Imagine our having a hypothetical conversation with these two men, asking their advice on how to improve the state of affairs in this country.  Assume if you possibly can that in our hypothetical conversation these men have some 200 years of hindsight that they did not actually possess in their time, but which they would have if they were alive today.  What would they think about what has become of the nation since their time - but more importantly, what advice would they offer for improvement?  Might they appeal to various historical figures for inspiration?  For example, Jefferson in some of his letters touted some ancient guys with names like Epictetus and Epicurus as deliverers of moral and practical wisdom.  Also, while Jefferson didn't believe in the traditional God of theism, he did believe in a Creator who set the world in motion (a view popular at the time, known as deism), and also praised as a genius one Jesus of Nazareth; as framing for the average American citizen goes, that's some pretty good stuff, but Jefferson would (of course) urge us to seek wisdom from all kinds of sources (hence his knowledge of those ancient Epi-something guys, among many others).

I do believe Mr. J would lament the polling data pointing to unacceptable levels of ignorance among the citizenry, but he would also be pro-active about solutions.  Beginning with the ignorance of the very political system he and his buddies founded, he might ask such things as: Why are the people this ignorant?  Is it because they're just intellectually lazy, or has their political system gotten to where they are apathetic or too discouraged about participating in the political process?  If we can devise a fix whereby they become genuinely interested in the political goings-on around them, their knowledge of such things will naturally expand.  Were I interested in the fate of the Green Bay Packers, I'd know quite a bit about them.  And while there's no obvious reason why every citizen ought to be interested in the Packers given their limited time and priorities, it's a plausible proposition that every citizen ought to be interested in our political system and ought to be able to pass a basic science literacy test even years after being a fifth grader.  (That unbelievably awful show would have no place in a Jeffersonian culture.)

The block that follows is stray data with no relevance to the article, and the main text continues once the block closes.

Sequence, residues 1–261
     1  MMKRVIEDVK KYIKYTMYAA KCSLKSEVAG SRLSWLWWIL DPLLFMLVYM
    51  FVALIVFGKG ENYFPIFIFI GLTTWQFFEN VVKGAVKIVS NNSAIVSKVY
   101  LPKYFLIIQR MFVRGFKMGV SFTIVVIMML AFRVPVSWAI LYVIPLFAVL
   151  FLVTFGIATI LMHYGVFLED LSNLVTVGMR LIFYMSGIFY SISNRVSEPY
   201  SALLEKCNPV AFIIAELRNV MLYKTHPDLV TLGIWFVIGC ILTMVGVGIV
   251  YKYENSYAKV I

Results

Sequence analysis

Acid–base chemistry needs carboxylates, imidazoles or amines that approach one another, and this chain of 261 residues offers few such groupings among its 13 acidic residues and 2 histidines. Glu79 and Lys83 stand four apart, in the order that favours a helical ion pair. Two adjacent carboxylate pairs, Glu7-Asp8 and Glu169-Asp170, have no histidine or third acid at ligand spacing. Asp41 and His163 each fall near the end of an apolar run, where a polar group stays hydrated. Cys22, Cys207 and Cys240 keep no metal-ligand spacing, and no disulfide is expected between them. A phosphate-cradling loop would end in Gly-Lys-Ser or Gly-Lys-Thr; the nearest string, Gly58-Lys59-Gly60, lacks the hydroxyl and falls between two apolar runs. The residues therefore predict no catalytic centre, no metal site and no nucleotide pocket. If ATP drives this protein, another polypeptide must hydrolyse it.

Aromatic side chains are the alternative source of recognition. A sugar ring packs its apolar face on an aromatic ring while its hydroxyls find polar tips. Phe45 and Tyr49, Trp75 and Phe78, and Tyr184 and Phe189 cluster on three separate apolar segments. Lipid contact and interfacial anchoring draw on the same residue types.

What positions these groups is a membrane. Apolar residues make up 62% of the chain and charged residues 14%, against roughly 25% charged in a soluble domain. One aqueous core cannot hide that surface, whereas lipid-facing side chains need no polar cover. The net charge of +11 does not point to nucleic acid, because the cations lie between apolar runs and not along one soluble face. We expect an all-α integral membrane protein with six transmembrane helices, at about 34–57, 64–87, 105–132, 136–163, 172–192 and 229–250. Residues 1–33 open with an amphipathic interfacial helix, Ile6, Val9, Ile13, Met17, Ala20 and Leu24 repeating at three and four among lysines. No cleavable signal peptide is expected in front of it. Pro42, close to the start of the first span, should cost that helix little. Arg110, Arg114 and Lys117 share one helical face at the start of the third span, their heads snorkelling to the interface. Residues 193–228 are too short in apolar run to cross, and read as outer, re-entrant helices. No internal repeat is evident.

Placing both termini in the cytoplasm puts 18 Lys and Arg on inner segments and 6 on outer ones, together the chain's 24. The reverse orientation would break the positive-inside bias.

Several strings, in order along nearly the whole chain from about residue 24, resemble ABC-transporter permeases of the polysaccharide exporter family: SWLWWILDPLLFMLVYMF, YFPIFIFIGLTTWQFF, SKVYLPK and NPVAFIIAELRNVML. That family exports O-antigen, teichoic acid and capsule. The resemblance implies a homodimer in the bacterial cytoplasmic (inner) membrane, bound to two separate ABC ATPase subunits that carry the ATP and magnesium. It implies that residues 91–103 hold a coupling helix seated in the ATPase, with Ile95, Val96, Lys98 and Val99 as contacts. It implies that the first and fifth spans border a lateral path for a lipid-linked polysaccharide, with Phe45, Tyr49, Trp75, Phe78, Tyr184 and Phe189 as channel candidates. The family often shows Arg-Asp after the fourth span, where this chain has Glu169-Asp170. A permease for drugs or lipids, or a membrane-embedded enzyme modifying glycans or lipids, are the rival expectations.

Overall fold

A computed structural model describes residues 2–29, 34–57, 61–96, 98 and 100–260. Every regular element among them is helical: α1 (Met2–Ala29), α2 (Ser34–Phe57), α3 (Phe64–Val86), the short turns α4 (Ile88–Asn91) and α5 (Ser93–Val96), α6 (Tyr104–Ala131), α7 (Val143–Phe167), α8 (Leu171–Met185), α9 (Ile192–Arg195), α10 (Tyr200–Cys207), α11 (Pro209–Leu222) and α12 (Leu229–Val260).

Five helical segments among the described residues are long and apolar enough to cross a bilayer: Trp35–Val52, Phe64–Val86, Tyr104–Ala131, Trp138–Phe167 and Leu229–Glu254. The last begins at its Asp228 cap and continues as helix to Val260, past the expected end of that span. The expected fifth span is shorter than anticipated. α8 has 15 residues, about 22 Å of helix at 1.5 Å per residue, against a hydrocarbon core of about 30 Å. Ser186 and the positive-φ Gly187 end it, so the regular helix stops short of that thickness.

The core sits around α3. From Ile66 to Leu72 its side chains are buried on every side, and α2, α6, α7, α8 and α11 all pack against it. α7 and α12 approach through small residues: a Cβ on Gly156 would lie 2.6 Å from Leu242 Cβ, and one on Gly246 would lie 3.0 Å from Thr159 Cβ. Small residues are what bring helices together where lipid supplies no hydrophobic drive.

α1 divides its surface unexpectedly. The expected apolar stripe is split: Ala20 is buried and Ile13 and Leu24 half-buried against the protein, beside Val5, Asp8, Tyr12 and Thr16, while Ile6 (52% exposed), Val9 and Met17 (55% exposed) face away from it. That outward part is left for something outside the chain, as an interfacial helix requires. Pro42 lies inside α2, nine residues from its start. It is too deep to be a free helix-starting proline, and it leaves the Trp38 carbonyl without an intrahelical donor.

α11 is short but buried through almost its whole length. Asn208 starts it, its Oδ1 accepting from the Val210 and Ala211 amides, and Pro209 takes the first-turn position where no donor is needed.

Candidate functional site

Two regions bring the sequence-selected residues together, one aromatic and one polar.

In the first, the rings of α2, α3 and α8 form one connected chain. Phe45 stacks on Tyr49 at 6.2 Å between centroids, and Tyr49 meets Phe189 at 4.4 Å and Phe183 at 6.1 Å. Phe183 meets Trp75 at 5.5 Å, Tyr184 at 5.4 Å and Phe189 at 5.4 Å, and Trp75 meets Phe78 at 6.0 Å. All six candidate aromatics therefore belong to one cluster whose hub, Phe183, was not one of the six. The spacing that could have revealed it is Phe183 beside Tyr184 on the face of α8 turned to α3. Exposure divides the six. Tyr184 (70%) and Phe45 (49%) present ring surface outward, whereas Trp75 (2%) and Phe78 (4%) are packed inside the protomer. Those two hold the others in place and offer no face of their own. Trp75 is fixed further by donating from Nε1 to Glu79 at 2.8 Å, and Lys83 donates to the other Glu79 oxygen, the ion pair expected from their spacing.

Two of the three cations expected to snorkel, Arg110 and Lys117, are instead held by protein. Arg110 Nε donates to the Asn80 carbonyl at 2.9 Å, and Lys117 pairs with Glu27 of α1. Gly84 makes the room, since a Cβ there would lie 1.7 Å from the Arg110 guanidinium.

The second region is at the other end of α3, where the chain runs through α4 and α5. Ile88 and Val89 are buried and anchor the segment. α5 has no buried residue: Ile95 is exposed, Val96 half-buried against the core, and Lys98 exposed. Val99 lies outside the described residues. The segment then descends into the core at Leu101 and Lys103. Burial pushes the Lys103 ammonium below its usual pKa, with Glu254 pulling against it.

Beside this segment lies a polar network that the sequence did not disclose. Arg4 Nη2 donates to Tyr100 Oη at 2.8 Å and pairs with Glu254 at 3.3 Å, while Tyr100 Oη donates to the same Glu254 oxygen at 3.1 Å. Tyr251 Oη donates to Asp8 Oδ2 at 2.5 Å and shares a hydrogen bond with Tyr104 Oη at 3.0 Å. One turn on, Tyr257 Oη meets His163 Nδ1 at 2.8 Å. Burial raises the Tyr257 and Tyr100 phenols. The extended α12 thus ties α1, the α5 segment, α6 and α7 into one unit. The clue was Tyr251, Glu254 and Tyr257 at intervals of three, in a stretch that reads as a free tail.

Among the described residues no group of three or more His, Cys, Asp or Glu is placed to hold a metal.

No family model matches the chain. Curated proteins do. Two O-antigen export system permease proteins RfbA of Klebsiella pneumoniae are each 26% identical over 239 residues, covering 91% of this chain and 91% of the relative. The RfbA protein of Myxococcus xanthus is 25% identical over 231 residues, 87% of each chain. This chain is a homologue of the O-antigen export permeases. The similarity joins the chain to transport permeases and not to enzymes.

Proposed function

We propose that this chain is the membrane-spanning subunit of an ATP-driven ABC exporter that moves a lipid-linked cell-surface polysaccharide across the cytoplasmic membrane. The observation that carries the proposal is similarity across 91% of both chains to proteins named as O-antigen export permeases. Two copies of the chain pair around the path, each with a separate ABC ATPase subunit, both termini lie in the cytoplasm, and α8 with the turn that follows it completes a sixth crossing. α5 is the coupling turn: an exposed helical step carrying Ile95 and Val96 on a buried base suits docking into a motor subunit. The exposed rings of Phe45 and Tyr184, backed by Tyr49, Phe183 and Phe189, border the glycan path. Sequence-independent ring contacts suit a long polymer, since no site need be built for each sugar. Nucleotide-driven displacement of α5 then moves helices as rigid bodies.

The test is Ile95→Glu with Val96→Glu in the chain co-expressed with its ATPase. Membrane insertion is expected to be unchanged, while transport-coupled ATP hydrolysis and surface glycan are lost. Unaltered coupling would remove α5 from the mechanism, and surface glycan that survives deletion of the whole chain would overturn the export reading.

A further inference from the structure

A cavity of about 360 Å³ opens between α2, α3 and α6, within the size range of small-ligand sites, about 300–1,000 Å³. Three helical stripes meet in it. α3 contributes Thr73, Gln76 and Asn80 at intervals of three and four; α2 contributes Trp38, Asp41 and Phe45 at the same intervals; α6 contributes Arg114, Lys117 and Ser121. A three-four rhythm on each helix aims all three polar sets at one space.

Now, in presenting such a hypothetical one might well encounter stubborn cynicism:

"People are just the way they are, hardwired and stuff, or Original Sin, you can't expect them to improve." (UP: Speak for yourself!  Also, what about what that Harvard psychology guy has been saying about the decline in levels of violence over human history?  I can dig up the reference if you're curious.  Or how about slavery no longer being a societal norm?  And, to cite this one 20th century author lady, if we have free will as the proponents of the Original Sin idea nevertheless say we do, then why couldn't the idea of Original Virtue make just as much sense?)

"IQ's will always be centered around 100, how do you expect people to get smarter?" (UP: Aren't literacy rates a lot higher these days than in the Dark Ages?  Same basic genetic structure, yet better outcomes.)